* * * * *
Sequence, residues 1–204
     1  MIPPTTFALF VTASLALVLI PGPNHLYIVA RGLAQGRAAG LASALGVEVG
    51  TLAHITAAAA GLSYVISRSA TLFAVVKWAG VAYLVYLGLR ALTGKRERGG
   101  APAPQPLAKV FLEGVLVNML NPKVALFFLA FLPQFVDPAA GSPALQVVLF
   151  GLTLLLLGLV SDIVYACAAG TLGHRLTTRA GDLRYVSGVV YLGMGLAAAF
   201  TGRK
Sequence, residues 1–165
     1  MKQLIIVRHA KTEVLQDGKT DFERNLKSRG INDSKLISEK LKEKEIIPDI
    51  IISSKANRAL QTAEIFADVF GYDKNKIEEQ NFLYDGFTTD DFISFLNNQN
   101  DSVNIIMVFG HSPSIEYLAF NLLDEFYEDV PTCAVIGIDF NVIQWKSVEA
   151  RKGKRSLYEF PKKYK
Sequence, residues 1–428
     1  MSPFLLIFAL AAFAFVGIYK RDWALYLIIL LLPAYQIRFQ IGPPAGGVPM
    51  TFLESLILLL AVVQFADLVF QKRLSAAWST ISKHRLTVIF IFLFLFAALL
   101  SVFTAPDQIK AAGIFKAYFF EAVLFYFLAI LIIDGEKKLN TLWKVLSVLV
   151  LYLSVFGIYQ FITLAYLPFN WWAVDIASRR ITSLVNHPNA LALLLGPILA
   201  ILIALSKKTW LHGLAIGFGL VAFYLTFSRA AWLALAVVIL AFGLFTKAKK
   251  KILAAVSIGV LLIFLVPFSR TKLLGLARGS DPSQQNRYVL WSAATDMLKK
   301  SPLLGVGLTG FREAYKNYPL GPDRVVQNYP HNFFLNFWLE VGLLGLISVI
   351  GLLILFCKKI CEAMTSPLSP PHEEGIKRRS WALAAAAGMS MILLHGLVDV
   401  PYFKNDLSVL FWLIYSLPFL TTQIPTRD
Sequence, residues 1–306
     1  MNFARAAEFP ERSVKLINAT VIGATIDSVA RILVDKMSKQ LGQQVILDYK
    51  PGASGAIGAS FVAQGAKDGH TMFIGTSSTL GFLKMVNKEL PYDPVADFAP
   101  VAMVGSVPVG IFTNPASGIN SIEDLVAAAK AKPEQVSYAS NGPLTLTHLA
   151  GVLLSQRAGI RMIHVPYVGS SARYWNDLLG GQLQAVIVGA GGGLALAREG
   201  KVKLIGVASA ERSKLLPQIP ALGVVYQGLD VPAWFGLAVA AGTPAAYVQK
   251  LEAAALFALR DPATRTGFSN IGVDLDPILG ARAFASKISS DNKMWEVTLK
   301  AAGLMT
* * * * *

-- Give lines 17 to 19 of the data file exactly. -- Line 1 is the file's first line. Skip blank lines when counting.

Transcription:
   201  ILIALSKKTW LHGLAIGFGL VAFYLTFSRA AWLALAVVIL AFGLFTKAKK
   251  KILAAVSIGV LLIFLVPFSR TKLLGLARGS DPSQQNRYVL WSAATDMLKK
   301  SPLLGVGLTG FREAYKNYPL GPDRVVQNYP HNFFLNFWLE VGLLGLISVI